Probiotics are living microorganisms that are increasingly used as gastrointestinal therapeutics by virtue of their innate or engineered genetic function. Unlike abiotic therapeutics, probiotics can replicate in their intended site, subjecting their genomes and therapeutic properties to natural selection. We exposed the candidate probiotic E. coli Nissle (EcN) to the mouse gastrointestinal tract over several weeks, systematically altering the diet and background microbiota complexity. In-transit EcN accumulates genetic mutations that modulate carbohydrate utilization, stress response, and adhesion to gain competitive fitness, while previous exposure to antibiotics reveals an acquisition of resistance. We then leveraged these insights to generate an EcN strain that shows therapeutic efficacy in a mouse model of phenylketonuria and found that it was genetically stable over 1 week, thereby validating EcN's utility as a chassis for engineering. Collectively, we demonstrate a generalizable pipeline that can be applied to other probiotics to better understand their safety and engineering potential. E. coli Nissle is a probiotic and chassis for engineered biotherapies, but its adaptive behavior in the gut is unclear. Crook et al. report host-mediated selective pressures modulating carbohydrate utilization and metabolism of E. coli Nissle. This in-host evolution also promotes probiotic survival by enabling effective stress responses during colonization.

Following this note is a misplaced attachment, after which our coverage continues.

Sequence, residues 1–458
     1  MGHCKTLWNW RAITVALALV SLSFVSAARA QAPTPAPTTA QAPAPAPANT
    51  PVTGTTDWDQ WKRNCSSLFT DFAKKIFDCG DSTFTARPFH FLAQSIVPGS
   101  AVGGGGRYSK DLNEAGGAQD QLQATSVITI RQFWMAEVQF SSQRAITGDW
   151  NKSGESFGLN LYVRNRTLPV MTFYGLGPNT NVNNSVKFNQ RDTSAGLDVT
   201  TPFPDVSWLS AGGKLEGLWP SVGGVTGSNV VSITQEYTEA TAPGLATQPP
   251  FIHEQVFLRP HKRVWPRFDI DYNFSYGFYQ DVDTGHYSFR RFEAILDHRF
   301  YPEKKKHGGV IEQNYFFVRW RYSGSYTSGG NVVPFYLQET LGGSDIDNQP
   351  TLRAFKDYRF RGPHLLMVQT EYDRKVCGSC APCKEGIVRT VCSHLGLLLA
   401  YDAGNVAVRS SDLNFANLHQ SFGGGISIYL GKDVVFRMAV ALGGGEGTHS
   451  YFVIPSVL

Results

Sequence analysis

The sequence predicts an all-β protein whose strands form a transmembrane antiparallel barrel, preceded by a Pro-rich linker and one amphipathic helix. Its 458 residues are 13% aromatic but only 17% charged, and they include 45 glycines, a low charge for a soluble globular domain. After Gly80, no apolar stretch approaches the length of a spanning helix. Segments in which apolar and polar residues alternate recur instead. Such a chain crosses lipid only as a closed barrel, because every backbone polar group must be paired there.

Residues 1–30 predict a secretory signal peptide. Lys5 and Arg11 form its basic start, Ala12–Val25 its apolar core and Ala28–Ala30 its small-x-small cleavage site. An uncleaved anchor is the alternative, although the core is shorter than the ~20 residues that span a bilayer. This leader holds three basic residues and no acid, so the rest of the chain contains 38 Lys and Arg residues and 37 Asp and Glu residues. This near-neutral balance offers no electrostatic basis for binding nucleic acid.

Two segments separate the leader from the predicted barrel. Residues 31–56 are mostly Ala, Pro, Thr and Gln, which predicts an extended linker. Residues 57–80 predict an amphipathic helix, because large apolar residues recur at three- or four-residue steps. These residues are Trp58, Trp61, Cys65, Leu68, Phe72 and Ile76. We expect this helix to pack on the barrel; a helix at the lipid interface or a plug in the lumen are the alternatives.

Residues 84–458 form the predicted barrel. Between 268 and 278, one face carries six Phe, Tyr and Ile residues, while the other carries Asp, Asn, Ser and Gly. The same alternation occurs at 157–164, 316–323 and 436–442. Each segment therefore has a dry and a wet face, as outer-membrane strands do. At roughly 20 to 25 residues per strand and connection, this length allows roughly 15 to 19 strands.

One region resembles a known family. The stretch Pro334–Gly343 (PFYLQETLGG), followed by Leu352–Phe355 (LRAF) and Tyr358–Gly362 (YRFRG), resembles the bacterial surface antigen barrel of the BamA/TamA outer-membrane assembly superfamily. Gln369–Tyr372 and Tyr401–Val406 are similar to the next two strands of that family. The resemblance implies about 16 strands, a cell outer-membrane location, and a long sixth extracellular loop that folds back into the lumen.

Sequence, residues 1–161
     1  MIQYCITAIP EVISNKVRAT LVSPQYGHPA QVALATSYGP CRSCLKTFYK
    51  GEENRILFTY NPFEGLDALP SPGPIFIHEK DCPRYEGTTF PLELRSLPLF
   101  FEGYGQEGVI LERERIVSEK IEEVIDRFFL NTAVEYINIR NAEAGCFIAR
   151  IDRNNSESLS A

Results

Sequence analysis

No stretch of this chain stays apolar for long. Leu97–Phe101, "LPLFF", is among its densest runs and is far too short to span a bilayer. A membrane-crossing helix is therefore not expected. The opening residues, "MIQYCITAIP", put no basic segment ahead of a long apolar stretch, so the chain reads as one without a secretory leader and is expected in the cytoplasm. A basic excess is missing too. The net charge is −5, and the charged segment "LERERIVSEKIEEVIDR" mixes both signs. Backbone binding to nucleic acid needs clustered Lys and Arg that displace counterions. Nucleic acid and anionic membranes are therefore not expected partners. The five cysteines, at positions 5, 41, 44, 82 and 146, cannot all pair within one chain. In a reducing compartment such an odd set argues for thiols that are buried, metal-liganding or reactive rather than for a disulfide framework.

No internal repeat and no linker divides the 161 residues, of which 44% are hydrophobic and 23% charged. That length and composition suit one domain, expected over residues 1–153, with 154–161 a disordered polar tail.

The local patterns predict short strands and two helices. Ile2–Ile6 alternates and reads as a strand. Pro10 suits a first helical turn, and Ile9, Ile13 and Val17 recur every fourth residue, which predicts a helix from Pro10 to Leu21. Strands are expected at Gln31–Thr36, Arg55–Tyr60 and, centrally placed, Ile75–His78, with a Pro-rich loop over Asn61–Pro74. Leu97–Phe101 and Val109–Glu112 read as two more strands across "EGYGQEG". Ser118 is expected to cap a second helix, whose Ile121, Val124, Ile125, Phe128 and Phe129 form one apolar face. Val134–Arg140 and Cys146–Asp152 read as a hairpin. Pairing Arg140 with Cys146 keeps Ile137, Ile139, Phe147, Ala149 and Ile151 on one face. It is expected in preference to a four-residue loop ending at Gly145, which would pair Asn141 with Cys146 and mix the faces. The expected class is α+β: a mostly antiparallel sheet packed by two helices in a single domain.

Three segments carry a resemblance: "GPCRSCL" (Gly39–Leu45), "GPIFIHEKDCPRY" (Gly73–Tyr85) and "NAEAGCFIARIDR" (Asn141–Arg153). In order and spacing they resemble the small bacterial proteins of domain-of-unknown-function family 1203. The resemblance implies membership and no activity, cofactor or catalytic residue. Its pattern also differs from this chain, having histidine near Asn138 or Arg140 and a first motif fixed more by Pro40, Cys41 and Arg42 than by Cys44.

- E. coli